♦ Multidisciplinary approach is essential —maxillofacial, plastics, dental

—radiation oncologist —dietician —speech therapist

♦ Surgery for early tumours

♦ Primary radiotherapy and reserve surgery for salvage

♦ Neck dissection for positive nodes

♦ Large lesions require osteomyocutaneous flap reconstruction

♦ If locally advanced—combination of surgery and radiotherapy Radiation therapy is planned taking account not only of all clinical and radiological evidence of the tumour but also the likely sites of occult nodal disease. Doses of 50-65 Gy are delivered to the tumour volume, depending on the extent of residual tumour. At least part of this dose can be delivered by interstitial therapy, often using iridium wire. Inevitably radical irradiation of the oral cavity causes mucositis and a dry mouth, that may persist depending on the amount of salivary tissue spared from irradiation. Chronic ulceration of the mucosa and osteonecrosis are risks, particularly with locally advanced tumours involving the mandible.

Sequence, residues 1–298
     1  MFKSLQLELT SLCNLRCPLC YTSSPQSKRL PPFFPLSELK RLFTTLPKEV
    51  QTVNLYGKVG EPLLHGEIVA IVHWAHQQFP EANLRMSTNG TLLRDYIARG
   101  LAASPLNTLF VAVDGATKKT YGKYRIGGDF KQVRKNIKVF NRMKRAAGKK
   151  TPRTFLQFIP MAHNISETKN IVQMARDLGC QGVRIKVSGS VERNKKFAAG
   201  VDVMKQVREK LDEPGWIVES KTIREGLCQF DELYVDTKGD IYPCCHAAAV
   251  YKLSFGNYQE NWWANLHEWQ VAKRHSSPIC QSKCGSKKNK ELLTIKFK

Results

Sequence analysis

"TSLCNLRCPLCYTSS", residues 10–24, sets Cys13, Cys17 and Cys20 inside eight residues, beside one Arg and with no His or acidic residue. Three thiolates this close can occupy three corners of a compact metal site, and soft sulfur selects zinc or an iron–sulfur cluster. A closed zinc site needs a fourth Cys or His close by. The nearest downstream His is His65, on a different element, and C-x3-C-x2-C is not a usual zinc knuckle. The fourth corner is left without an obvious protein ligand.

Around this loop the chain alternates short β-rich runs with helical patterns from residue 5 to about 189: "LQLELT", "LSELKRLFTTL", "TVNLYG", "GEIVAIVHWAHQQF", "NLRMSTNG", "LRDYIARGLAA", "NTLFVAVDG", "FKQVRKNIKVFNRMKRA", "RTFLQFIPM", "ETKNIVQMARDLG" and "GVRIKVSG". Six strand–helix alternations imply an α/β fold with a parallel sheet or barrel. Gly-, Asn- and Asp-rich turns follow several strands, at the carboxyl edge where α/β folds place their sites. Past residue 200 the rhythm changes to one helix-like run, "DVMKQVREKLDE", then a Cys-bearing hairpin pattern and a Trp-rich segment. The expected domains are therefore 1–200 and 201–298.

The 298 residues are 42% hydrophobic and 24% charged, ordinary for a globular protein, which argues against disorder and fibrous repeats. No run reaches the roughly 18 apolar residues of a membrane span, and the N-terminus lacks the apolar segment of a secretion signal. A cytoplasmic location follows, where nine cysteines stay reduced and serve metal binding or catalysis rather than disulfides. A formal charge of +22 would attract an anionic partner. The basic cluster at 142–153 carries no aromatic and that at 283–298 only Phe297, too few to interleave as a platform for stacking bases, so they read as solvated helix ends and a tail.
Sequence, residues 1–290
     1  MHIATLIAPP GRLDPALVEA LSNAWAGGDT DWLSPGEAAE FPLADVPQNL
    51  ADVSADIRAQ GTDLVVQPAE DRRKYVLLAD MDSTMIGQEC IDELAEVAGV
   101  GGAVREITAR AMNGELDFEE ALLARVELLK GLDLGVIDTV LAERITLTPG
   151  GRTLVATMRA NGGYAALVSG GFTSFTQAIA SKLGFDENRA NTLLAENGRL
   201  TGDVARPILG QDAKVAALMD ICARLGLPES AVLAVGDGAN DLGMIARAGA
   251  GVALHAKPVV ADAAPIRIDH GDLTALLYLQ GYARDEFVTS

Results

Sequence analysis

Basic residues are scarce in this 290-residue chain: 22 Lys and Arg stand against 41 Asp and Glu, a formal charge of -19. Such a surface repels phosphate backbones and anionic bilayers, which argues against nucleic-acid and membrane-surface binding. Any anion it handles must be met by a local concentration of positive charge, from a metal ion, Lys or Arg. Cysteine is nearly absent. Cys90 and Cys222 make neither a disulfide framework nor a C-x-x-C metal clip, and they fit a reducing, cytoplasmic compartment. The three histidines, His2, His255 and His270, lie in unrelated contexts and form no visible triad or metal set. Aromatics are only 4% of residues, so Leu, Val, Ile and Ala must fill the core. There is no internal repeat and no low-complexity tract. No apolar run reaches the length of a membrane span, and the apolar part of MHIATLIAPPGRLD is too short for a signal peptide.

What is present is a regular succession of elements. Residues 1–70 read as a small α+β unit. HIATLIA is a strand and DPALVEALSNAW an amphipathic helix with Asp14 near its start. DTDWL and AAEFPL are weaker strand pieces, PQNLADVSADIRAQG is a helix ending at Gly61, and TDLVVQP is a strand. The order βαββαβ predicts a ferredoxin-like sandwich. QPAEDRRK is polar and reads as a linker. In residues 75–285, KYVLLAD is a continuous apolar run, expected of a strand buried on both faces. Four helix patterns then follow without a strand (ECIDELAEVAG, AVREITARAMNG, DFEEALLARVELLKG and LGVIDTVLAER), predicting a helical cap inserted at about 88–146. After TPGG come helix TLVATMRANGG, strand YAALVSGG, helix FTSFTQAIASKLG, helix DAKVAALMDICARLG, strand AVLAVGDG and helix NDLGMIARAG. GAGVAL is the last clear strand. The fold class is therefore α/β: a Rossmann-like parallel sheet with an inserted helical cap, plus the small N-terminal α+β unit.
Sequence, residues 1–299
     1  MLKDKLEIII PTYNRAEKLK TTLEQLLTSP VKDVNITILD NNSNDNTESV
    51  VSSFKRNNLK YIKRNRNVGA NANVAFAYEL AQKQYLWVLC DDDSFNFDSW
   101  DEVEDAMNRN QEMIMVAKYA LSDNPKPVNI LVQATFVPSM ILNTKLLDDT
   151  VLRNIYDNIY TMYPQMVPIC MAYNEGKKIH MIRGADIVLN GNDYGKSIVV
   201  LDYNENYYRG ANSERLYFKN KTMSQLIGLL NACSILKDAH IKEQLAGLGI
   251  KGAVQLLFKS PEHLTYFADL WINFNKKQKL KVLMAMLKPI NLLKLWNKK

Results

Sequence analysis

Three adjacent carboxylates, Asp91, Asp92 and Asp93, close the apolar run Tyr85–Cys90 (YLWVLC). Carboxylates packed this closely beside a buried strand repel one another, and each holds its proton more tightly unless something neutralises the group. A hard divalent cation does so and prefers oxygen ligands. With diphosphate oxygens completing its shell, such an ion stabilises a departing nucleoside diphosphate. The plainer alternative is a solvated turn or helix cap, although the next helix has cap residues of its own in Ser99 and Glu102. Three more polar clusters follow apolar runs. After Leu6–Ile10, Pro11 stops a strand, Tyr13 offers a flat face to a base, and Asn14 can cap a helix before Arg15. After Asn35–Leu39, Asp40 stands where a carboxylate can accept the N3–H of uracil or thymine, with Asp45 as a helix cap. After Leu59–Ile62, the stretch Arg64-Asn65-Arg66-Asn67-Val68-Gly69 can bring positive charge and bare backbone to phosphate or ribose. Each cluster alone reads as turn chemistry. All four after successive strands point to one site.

As with head and neck squamous cancers at other sites, chemotherapy (cisplatin, 5-fluorouarcil, methotrexate, bleomycin) is active in advanced disease, but there is no proven benefit for chemotherapy given as either adjuvant or neo-adjuvant therapy.

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